AIA Tucson Outreach - The Greek Kiln
AIA Tucson Outreach - The Greek Kiln
The Roman Spectacle
The Roman Spectacle
2013 National Archaeology Day at the Arizona State Museum

Lecture Program

During the academic year, our society offers and co-sponsors a rich program of archaeological lectures. All lectures are free and open to the public. Below you can see the upcoming lectures for this semester. Please visit our Lecture Archive (under Lectures) for past lectures.

CANCELLED... Our Presidents’ Gifts: The Role of Greek Antiquities in Greek-U.S. Political Relationships after WWII

February 2, 2015 - 3:00pm
Haury, rm. 215
Dr. Nassos Papalexandrou
CANCELLED
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Monsters and Vision in the Preclassical Mediterranean (Cancelled)

February 3, 2015 - 5:30pm
Haury, rm. 216
Dr. Nassos Papalexandrou, University of Texas at Austin
CANCELLED... The visual apparatus of orientalizing cauldrons introduced radically new technologies of visual engagement in the preclassical Mediterranean of the seventh century BCE. Hitherto the orientalizing innovation has been understood in terms of the wholesale importation or adaptation of objects, techniques, iconographies from the Near East. My study proposes instead that change was ushered in by a radical shift in ways of seeing and interacting with what today we call “art.”  The new technologies of visual engagement (new ways of seeing and being seen) I explore in this study reshaped the cognitive and aesthetic apparatus of viewing subjects.  I argue that the griffin cauldrons were devised to establish an aesthetic of rare and extraordinary experiences within the experiential realm of early Greek sanctuaries or in sympotic events of princely elites of orientalizing Italy. This aesthetic was premised on active visual engagement as performance motivated and sustained by the materiality of these objects.
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Landscape Dynamics at Acconia: Placing the Work of the Survey in Time

February 17, 2015 - 5:30pm
Haury, rm. 129
Dr. Albert Ammerman, Classics Department, Colgate University
By doing a longitudinal study of land use over a span of 27 years (based on field-by-field mapping every 9 years:  1980, 1989, 1998 and 2007), we are now able to show that the landscape at Acconia is actively changing during the lifetime/career of the survey archaeologists.  In short, at Acconia, our survey is situated in time -- not independent of it.  In turn, this has wide implications for how we think about method and theory in survey archaeology.  The plan is to continue the longitudinal study in 2016.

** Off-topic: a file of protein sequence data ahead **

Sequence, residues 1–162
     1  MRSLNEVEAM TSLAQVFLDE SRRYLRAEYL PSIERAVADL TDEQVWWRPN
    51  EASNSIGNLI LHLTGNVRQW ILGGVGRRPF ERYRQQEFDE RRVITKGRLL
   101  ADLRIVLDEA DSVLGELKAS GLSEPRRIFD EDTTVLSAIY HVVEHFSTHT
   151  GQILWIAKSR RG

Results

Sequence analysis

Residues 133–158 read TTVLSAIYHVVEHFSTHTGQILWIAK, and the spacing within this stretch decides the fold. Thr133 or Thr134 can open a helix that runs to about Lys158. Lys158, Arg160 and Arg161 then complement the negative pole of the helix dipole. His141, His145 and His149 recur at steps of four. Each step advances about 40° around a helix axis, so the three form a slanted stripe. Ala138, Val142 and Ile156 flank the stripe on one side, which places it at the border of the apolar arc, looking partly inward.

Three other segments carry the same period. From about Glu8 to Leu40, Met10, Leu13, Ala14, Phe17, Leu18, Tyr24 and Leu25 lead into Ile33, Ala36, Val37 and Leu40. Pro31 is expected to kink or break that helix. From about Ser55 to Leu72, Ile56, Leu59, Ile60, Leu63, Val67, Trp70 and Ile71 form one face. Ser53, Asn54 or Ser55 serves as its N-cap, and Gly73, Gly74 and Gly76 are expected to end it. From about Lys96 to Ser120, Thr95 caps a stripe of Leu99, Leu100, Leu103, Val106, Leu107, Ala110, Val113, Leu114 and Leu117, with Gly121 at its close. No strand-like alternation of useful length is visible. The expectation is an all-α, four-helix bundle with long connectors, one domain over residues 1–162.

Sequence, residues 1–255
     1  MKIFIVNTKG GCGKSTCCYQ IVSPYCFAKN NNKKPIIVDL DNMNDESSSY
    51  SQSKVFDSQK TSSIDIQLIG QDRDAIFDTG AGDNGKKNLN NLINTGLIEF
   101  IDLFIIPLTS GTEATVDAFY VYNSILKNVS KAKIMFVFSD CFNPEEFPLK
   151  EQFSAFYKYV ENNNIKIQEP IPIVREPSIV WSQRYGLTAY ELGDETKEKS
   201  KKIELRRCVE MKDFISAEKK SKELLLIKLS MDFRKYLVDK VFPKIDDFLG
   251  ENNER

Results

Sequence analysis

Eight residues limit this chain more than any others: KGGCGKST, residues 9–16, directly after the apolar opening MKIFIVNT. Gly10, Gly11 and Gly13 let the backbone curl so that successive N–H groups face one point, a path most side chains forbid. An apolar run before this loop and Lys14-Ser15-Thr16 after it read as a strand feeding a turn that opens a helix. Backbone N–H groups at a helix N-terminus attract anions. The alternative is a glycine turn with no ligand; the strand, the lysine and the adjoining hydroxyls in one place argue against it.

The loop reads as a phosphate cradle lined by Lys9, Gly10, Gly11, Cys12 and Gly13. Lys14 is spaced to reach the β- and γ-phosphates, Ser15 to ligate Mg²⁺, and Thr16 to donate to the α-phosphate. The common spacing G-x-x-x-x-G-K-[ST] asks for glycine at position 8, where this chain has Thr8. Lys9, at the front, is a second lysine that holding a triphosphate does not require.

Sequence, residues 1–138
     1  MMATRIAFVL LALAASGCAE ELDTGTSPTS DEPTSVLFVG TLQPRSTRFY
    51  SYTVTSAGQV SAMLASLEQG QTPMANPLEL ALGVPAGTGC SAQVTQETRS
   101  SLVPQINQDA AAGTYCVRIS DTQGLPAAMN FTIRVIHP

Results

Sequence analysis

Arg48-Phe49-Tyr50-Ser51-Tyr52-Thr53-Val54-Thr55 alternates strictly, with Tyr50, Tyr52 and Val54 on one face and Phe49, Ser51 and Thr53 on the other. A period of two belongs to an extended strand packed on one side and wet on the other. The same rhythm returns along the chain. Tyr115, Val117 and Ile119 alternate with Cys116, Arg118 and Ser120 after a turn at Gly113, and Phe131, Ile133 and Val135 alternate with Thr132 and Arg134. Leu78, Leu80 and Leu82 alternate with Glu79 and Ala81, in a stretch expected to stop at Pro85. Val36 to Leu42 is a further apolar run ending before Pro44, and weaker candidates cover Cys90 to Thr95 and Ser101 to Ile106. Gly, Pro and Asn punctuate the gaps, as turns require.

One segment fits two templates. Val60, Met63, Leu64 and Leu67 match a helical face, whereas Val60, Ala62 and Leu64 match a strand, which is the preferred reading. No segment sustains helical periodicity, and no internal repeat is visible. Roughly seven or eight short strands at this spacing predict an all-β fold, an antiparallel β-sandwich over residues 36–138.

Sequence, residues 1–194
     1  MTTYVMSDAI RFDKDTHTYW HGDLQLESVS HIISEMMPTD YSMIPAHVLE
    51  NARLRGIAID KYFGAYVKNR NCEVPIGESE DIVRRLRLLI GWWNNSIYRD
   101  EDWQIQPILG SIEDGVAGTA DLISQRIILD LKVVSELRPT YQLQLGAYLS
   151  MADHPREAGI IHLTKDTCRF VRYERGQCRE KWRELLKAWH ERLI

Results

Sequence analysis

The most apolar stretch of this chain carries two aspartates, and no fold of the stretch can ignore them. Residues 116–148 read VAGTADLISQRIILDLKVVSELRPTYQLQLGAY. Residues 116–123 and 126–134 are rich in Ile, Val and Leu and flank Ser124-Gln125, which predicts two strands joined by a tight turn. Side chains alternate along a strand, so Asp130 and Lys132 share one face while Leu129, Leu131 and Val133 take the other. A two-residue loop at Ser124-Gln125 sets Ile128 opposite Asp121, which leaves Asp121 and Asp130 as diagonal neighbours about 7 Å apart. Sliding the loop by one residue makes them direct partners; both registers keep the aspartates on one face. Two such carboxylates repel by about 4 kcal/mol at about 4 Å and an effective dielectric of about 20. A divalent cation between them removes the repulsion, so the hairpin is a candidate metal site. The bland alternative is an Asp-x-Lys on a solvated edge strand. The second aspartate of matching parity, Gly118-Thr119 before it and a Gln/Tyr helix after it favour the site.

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The Celestial Place of the Gods: Orvieto, Campo della Fiera

February 18, 2015 - 4:00pm
Haury, rm. 129
Dr. Alba Frascarelli, Program Coordinator, University of Arizona Program at Orvieto
Since the year 2000, the Campo della Fiera archaeological project, located at the base of the cliff of Orvieto, and directed by Prof.ssa Simonetta Stopponi with the Universities of Macerata and Perugia, has been uncovering an extensive site, with structures and artifacts that date uninterruptedly from the VI century BC. to the Black Death of 1348 AD.  Three Etruscan temples, two paved roads, Etruscan inscriptions, a Roman thesaurus (votive coin deposit) and a perfectly preserved marble bust, along with votive and architectural terracottas, seem to provide strong evidence in support of the hypothesis that this was the site of  the legendary "Fanum Voltumnae", the federal Sanctuary of the Etruscan confederation.
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Roman Watchtowers, Surveillance Systems, and Espionage!

March 4, 2015 - 5:30pm
Haury, rm. 216
Dr. Joey Williams
Among the far-flung provinces of the Roman Empire, surveillance and espionage played a role in maintaining control over its territory, borders, and citizens. This talk examines the evidence for ancient surveillance systems, particularly the archaeological remains of watchtowers along roads and borders, the enslaved laborers who lived under constant supervision, and the scouts, spies, and secret agents in the employ of Rome. Taken together, this evidence depicts a society where government surveillance was the norm and many lived under the empire’s panopticon.
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The Diplomat, the Dealer and the Digger: Writing the History of the Antiquities Trade in 19th century Greece.

April 2, 2015 - 5:30pm
Haury, rm. 216
Dr . Yannis Galanakis